Self-abuse

Fear not, this post will not contain graphic images, or even descriptive passages, of me following in the (presumably rather sticky) footsteps of Onan.  Any reference to the bashing of the holders of a See will be limited to argument on purely theological grounds.

No, the self-abuse to which I will refer can, perhaps, be explained by reference to Edna St Vincent Millay’s splendid (and short) poem: My Candle Burns at Both Ends:

My candle burns at both ends;
It will not last the night;
But ah, my foes, and oh, my friends –
It gives a lovely light!

This does rather describe the way in which I appear to have chosen to run my life, careless of my body’s wax.  The excessive burning of my personal candle seems to have accelerated in the last few years, but the tendency was always there: especially when on holiday.  Indeed, in some ways I seem to have switched to permanent-holiday-mode in my life.  I can see elements of this metaphorical persoanl auto-da-fé in the differing genetic inheritance from both of my parents, the combination of the two making for a potent mix.

The urge to fill my life with incident and moment, some of it really quite physically and or mentally demanding, is really rather strong and I (mostly) get away with such foolishness with very few ill-effects.  This is despite, I think rather than a cause of, the chronic insomnia which has been my regular companion since my late twenties: easily making it one of my longest maintained relationships!

However, from time-to-time my mind does continue to write extravagant cheques long after my body’s ability to cash them has expired.  If this is coupled with a lack of sleep (not uncommon) and should the black dog also happen to have returned from fetching that stick that I had hurled from me in an attempt to keep it occupied, then I find it harder to maintain the social ‘construct’ which passes for my personality.  So that the reader does not concern themselves unduly, I should be clear that I do not suffer from depression (nor particularly enjoy it) but am sometimes less naturally ‘up’ than at others and a I am naturally a worrier (perhaps also a warrior, but this has not really been put to a proper test) .

Mostly, I get to deal with these situation where my mind heavily overdraws on its account with my body ‘off-stage’  However, last night my body did decide to forcibly remind me that I was not, in fact, a superhuman of infinite resources but was an all-too-finite middle-aged man while in public.  This reminder was issued quite early in the thoroughly enjoyable, Halloween-themed – and very busy – folk and acoustic session at the Steam Town Brewco.  Frank(enstein)ly, I have only myself to blame for this situation as I have been sleeping badly, was rather busy at work and did contrive to fit in two hour-long – and rather strenuous – hand-balancing sessions before going out for the night.  I think we might also blame a combination of clock change and the accompanying cold grey days and dark evenings for a slight drop in my normal unnatural ebullience.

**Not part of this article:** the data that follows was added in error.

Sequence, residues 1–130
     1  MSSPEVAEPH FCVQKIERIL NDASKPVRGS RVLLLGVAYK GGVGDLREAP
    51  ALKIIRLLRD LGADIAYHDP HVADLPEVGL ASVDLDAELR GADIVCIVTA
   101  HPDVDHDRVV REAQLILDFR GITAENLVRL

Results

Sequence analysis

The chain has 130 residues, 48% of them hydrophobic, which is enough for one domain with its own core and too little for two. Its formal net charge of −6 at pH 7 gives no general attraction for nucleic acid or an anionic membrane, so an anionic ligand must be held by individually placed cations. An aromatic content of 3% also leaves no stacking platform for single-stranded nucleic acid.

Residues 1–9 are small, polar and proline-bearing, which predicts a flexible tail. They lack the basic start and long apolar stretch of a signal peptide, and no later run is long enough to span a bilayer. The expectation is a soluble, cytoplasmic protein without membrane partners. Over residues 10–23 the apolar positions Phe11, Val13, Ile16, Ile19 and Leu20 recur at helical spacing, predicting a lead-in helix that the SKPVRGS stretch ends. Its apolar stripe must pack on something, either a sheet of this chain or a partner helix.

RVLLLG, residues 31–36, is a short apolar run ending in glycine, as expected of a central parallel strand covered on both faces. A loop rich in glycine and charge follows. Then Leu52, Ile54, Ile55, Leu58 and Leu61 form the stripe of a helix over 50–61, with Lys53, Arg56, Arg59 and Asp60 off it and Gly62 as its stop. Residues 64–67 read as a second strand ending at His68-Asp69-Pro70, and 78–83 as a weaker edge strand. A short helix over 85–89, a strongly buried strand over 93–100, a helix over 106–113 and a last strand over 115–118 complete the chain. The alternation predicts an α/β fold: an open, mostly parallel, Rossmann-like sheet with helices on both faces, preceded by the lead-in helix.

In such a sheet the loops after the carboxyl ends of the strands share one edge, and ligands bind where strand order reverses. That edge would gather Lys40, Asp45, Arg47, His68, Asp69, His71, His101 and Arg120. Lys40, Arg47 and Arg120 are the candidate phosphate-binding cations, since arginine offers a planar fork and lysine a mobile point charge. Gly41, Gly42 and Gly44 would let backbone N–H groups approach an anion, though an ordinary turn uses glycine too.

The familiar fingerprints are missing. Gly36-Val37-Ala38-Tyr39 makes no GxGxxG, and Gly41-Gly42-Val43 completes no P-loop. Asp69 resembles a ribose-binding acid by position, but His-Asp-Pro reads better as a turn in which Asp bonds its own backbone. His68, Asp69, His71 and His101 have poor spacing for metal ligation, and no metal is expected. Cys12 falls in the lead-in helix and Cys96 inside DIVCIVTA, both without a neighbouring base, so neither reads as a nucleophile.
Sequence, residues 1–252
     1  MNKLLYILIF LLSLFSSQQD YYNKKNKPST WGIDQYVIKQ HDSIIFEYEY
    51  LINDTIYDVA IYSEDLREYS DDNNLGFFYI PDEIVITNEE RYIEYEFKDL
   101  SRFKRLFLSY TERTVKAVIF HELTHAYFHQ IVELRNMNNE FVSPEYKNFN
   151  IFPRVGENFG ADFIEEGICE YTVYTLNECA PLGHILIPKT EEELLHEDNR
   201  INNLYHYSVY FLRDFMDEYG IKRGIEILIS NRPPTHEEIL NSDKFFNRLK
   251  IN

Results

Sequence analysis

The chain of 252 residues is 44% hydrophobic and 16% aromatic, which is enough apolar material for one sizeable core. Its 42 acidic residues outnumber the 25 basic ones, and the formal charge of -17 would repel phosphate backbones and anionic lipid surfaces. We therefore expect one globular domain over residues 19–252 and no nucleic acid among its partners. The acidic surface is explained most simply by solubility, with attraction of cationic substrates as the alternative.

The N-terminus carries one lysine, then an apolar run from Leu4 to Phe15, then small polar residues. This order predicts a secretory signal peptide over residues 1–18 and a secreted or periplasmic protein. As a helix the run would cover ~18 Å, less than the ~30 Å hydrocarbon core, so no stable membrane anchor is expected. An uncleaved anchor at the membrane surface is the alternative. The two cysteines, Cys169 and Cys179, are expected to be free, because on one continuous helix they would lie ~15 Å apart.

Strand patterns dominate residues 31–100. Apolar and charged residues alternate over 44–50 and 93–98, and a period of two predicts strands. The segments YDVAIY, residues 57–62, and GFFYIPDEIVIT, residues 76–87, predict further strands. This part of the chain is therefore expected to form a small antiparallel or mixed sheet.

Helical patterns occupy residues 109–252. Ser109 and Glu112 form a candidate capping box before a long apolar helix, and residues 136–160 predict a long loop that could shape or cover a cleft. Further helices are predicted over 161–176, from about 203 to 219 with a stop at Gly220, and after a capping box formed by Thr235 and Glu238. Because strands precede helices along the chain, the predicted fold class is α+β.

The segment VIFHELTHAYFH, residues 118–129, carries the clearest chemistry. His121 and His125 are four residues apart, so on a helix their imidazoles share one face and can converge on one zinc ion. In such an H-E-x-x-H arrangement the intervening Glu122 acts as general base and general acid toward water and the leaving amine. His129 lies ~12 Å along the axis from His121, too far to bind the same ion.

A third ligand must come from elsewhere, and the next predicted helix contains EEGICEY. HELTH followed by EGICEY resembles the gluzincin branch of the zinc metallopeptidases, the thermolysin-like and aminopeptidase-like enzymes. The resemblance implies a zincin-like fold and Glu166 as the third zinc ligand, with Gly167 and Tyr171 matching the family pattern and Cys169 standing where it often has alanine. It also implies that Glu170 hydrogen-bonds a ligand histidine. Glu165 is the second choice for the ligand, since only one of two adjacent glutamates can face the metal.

Anyway, to maintain my monstrous leitmotif, it became necessary to make an early bolt for the door.  Just as well, as I barely managed to maintain consciousness on the short train ride home from Eastleigh before collapsing at home onto my ancient mattress.  However, this did disrupt my plans to mash a monster, a tune and the assembled ears at Steam Town at a single stroke (don’t you just love a chance to use zeugma!).  The world will have to wait to see whether I would have been a graveyard smash and whether the denizens of Eastleigh were ready for my pelvic thrust, or would have been driven insane (an increased risk given the increased hip mobility arising from all this hand balancing)…  Some clues may be gleaned from the unfortunates gathered in the Dog House on Monday night and who experienced a trial run (with the emphasis on the ‘trial’).

What I did discover, when my batteries are deep in the red zone, and my ego-depletion is at its maximum, is that I revert to a previous (presumably more primal) personality.  A version of me that I had assumed long dead appears to be used as a battery saver: the psychological equivalent of minimising screen brightness, shutting down non-essential apps and only allowing emergency calls.  This reduced operating mode (which used to be my only mode for social interaction in a crowd) is as a wall-flower alien observer preparing a report on the planet’s dominant lifeform, while suffering from an odd form of hiraeth for its long forgotten home (oh yes, even as an alien I’m keeping those Welsh roots!).

Still, a night with at least some sleep has restored me to more normal function and early 20s me is safely back in his bottle and I shall shortly be heading off into social media purdah.  This has nothing to do with the election or last night, but because I am visiting my parents’ house and will not be returning until the morrow.  For my whole adult life, they have chosen to both live, and holiday, in locations where any mobile phone signal is a distant dream.  This is coupled with my dad having his wifi secured more tightly than anything the used by the NSA: I can only wonder what he is getting up to on-line that requires this degree of electronic prophylaxis…